The current remains were constructed by the Romans in the 1st century CE, but it is known that a road connecting Cilicia and Capadoccia has existed since the Bronze Age. Some scholars believe that a passage has existed as early as the Neolithic era due to reports of Neolithic petroglyphs near the location of the road. Today, the Roman road is a popular spot for local pastoralists.

Detail of a mosaic from Roman Spain on the labors of Heracles/Hercules, showing him retrieving the Apples of the Hesperides (the Eleventh Labor).  Artist unknown; 3rd century CE.  Found at Lliria, Valencia, Spain; now in the National Archaeological Museum of Spain, Madrid. Photo credit: Carole Raddato.


Greco-Buddhism is the term given to refer to the cultural syncretism of Hellenistic and Buddhist culture in ancient Bactria and the India (present day Afghanistan, Pakistan, and Northern India) between the 4th century BCE and 5th century CE. The style gave rise after the invasion of Bactria (present-day Afghanistan) and the Indus Valley by the Greek armies of Alexander the Great, and flourished under the subsequent Indo-Greek Kingdom and the Kushan Dynasty, who incorporated the Greek Alphabet and other aspects of Hellenistic culture into their own society. The result was an interesting combination of Greek artistic elements in the local Buddhist art. It is generally believed that the first anthropomorphic images of the Buddha emerged during the Greco-Buddhist period in the 1st century CE. Scholars credit many stylistic elements of the image of the Buddha, such as his halo, stylistic curls, and top bun style to Greco-Roman artistic influence. Interestingly, many standing images of the Buddha at this time also depict him in a Greek contrapposto. Many deities from the Hellenistic pantheon were also adopted into Buddhist religion. The most notable examples are the deities, Heracles, Tyche, and Boreas, who eventually became associated with the Buddhist deities, Vajrapani, Hariti, and Oado respectively. Aspects of Greco-Buddhism managed to filter into Buddhist art within the Indian subcontinent and Eastern Asia as the religion started to spread eastward. Greco-Buddhism is one of the greatest examples of long distance cultural and artistic exchange in the ancient world, spanning between two continents and adapting elements from countless different cultures, most notably, Greco-Roman, Persian, and Hindu.

Greco-Buddhism particularly flourished in the ancient region of Gandhara which encompassed the land around the border of Afghanistan and Northern Pakistan. Excavations in the archaeological site of Hadda, located near the Kyber Pass in Afghanistan, recovered over 23,000 examples of Greco-Buddhist art. Many of these sites, unfortunately, were destroyed or heavily damaged through looting and vandalization by the Taliban in the 1990s. The artifacts that have survived are a testament of a very rich and diverse cultural syncretism.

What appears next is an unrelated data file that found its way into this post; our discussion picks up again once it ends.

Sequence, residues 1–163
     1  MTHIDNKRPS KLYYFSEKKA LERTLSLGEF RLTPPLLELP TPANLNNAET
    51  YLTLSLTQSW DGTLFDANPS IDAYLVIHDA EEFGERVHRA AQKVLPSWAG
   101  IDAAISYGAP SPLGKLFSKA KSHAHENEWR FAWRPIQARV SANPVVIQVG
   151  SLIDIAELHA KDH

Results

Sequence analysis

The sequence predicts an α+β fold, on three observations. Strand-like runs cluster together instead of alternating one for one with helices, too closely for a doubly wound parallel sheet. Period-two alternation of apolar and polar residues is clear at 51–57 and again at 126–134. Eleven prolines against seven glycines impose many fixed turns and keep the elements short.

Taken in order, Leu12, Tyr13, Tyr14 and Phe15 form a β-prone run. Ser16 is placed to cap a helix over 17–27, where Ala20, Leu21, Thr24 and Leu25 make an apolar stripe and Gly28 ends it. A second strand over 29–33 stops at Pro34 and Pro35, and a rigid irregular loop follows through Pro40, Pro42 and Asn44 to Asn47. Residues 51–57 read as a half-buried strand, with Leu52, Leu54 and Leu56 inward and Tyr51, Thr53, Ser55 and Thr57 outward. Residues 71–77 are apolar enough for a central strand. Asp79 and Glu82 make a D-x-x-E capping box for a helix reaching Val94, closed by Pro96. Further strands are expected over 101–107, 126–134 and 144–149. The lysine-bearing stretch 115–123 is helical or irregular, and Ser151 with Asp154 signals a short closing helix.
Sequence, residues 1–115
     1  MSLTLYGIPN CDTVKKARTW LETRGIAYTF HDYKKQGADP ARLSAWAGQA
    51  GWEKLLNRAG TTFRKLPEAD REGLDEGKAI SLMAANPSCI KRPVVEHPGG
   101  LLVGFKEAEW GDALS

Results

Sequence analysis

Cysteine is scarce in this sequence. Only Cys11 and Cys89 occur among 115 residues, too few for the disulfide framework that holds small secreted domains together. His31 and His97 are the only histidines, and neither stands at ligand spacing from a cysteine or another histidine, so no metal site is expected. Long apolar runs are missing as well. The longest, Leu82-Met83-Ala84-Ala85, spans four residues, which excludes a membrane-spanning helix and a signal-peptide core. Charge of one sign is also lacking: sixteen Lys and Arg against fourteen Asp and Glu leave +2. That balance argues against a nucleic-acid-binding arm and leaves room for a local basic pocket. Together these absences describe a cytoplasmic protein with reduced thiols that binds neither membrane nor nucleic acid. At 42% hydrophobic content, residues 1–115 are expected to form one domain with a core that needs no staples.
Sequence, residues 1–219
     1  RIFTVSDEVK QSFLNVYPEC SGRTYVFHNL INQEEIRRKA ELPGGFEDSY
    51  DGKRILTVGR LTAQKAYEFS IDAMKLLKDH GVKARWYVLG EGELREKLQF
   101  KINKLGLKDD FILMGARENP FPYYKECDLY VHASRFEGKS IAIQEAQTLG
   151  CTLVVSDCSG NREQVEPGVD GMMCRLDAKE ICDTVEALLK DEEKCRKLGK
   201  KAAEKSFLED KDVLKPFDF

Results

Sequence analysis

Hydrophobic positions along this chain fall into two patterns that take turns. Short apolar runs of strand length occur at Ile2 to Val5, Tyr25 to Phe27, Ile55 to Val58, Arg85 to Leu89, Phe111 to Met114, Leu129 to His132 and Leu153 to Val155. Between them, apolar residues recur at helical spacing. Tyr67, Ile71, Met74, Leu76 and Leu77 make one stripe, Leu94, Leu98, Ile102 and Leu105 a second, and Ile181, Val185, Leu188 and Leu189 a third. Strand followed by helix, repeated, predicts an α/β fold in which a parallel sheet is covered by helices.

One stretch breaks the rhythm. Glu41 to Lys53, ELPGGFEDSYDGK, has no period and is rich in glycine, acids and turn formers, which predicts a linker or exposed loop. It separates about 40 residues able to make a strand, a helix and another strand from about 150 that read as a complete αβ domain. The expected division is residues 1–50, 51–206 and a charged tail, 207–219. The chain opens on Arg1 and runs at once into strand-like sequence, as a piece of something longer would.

1) Statue of the “Hadda Triad.” A Giant statue of the Buddha sits between the two deities, Vajrapani/Heracles and Hariti/Tyche who are sculpted in the Hellenistic style. From the Tapa-i-Shotor Buddhist complex in Hadda, Afghanistan. c. 2nd-5th century CE.  This statue was destroyed in the 1990s by the Taliban. Only photographs and illustrations survive.

2) Sculpture relief of the Buddhist gods Hariti/Tyche and her consort Pancika. The two figures are donned in Greek style dress and Hariti/Tyche is holding a Hellenistic-style cornucopia. From Gandhara, Pakistan, c. 3rd century CE. British Museum.

3) Bronze statuette of a seated Buddha. From Gandhara, Pakistan, c.1st-2nd  century CE. Metropolitan Museum of Art.

4) A reliquary known as the “Bimaran Casket.”  The Buddha, pictured in the center, is depicted in a contrapposto pose. He is surrounded by two deities, Brahma and Śakra, inside Greco-Roman style arched niches. From Hadda, Afghanistan, c. 1st century CE. British Museum.

5) Indo-Conrinthian capital decorated with a seated Buddha. From Gandhara, Pakistan. 3rd century CE. Musée Guimet

Vulpecula, God Of Runners

So this happened. 


Vulpecula is the diminutive form of the Latin Vulpes, meaning Fox; the god may be seen in the constellation Vulpecula cum Ansere, The Fox And The Goose, which in contemporary literature are usually two separate constellations.

Vulpecula is a god exclusive to runners, but traditionally encompassing a wide variety of runners including athletes, foot couriers, and “those fleeing persecution”.

Vulpecula is depicted visually as a fox with wings on the shoulders or ankles (see “In Early Art” for more detail). In references to Vulpecula in literature, the fox is usually a silent guide to a traveler. On one occasion in late Roman literature, they are depicted as a trickster, whose goal is “always to obtain a large meal”.

(There is a Read More! Please read more!)

(Also: In case you came here from some outside route, most of this is fiction. That’s why no sources are cited. It’s just a fun story I made up.)